242747 Measuring the acute health effects of dust storms: A matched case-control series

Wednesday, November 2, 2011

Michael Gdalevich, MD, MPH , Ben Gurion University, Department of Epidemiology, Barzilai Medical Center, Ashkelon, Israel
Esti Nissan, PhD , Department of Economics, Ben Gurion University, Beer Sheva, Israel
Levana Kordova-Biezuner, PhD , National Air Monitoring Network, Israel Ministry of Environmental Protection, Tel Aviv, Israel
Itamar Grotto, MD, MPH, PhD , Epidemiology Department, Ben-Gurion University of the Negev and the Ministry of Health, Je, Israel
Shimon Scharf , Ben Gurion University - Barzilai Medical Center Campus, Ashkelon, Israel
David Broday, PhD , Technion, Israel Institute of Technology, Haifa, Israel
Michael Huerta, MD, MPH , Ben Gurion University - Barzilai Medical Center Campus, Ashkelon, Israel
Background and Objectives: Transcontinental sandstorms are frequent in the eastern Mediterranean basin, with southeasterly winds transporting dust from the Sahara desert. The resulting ambient particulate matter is a potential health hazard for exposed populations. We aimed to quantify the extent of acute cardio-respiratory health effects attributable to sandstorms in an Eastern Mediterranean region.

Methods: Continuous air quality monitoring is carried out by the Israel Ministry of Environmental Protection. We identified all sandstorm days (SSDs) for the period between January 2006 and December 2008. For each of these "case" days, we selected 2 non-sandstorm control days from the previous and the subsequent fortnights, matching them for day of the week. The number of emergency department (ED) visits for acute cardio-respiratory conditions at a regional medical center (Barzilai Medical Center) was counted for each SSD for and its matched control days. SSD counts were compared to mean matched counts using the paired t-test.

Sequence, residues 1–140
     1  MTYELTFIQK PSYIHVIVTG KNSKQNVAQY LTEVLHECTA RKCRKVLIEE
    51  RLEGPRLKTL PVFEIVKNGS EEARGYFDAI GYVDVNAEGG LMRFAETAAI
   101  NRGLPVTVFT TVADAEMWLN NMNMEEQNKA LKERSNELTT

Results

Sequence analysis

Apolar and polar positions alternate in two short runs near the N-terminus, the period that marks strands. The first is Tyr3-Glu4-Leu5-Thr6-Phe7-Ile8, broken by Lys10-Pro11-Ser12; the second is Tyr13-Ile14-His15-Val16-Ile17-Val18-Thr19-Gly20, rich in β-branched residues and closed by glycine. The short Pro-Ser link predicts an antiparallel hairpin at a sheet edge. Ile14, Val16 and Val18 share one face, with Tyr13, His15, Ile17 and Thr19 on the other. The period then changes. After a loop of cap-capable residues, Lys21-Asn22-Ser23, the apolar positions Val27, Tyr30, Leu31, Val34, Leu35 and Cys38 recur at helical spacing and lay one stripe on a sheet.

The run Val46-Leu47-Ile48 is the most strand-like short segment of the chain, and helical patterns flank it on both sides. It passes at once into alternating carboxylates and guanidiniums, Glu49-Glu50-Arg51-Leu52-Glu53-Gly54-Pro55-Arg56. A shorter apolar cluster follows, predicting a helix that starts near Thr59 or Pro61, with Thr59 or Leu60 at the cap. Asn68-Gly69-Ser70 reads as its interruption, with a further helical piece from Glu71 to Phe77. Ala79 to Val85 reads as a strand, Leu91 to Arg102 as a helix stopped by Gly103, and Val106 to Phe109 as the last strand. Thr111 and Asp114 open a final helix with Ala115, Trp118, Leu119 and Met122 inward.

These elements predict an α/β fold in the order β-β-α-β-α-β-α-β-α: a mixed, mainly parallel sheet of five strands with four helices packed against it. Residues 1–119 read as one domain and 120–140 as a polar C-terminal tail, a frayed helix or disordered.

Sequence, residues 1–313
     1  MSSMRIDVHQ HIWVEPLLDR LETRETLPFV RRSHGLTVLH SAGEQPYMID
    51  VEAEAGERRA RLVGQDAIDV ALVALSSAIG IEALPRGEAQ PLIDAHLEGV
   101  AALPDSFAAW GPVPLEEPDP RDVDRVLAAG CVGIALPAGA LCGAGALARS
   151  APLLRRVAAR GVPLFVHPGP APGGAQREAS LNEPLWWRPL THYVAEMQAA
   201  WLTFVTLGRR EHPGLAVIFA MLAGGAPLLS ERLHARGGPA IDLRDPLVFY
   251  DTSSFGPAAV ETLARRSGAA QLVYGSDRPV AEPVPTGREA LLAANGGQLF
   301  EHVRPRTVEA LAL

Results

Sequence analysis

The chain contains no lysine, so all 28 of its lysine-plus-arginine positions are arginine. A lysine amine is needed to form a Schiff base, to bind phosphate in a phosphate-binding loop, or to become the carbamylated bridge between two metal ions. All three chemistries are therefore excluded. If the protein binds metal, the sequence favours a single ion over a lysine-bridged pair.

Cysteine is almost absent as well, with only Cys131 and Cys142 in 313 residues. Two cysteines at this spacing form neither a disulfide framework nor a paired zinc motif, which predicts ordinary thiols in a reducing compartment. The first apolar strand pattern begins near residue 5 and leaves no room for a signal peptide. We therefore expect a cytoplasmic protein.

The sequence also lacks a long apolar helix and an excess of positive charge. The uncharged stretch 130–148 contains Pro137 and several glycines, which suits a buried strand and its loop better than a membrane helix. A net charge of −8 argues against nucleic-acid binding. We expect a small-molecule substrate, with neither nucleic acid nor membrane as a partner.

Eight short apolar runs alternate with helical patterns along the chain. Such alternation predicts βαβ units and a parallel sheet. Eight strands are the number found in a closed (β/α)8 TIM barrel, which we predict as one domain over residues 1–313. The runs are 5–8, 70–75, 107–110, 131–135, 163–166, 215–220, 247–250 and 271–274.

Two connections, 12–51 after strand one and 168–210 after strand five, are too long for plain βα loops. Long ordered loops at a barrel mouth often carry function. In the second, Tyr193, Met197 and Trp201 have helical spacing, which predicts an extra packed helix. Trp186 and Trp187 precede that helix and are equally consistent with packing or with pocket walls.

Results: 48 SSDs and 96 matched control days were identified during the 3-year study period. Mean cardio-respiratory patient load on SSDs was 23.239.8 visits, compared to 21.158.14 on matched control days (p=0.017). This represents a relative increase of 9.8% over the expected patient load. In absolute terms, and based on the medical center's estimated catchment population, this represents an increase of approximately 1 ED visit per 100,000 for one SSD, translating to about 70 ED visits in the country.

Conclusion: While sandstorms are a detectable risk factor for acute cardio-respiratory syndromes, the de-facto impact of exposure in our area appears to be low. This finding may an indirect indicator of the effectiveness of the Ministry of Environmental Protection's pre-storm warning system, which appeals through the mass media to predisposed persons to remain indoors on SSDs.

Learning Areas:
Environmental health sciences

Learning Objectives:
Define and quantify health effects of dust storm in Southern Israel Analyze the additional patien load incurred by dust storms Formulate public policy for dust storm warning and preparedness

Keywords: Air Quality, Health Risks

Presenting author's disclosure statement:

Qualified on the content I am responsible for because: I am qualified to present because I have planned the study, took part in data collection , have lead the analysis and reporting of findings.
Any relevant financial relationships? No

I agree to comply with the American Public Health Association Conflict of Interest and Commercial Support Guidelines, and to disclose to the participants any off-label or experimental uses of a commercial product or service discussed in my presentation.